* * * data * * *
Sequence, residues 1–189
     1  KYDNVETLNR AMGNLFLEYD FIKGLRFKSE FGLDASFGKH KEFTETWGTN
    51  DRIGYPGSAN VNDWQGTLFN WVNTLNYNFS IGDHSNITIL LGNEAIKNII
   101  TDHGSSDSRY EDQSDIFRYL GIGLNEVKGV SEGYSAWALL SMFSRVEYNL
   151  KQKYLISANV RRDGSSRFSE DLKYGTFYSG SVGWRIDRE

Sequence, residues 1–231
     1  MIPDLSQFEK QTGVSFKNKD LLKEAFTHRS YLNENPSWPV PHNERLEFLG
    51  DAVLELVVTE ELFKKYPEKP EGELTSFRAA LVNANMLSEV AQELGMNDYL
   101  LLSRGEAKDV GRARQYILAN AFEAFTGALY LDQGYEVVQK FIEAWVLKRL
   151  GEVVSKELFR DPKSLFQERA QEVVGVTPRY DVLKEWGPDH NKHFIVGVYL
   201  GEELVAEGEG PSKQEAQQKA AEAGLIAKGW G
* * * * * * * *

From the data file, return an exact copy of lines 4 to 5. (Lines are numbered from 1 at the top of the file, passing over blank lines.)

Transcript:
   101  TDHGSSDSRY EDQSDIFRYL GIGLNEVKGV SEGYSAWALL SMFSRVEYNL
   151  KQKYLISANV RRDGSSRFSE DLKYGTFYSG SVGWRIDRE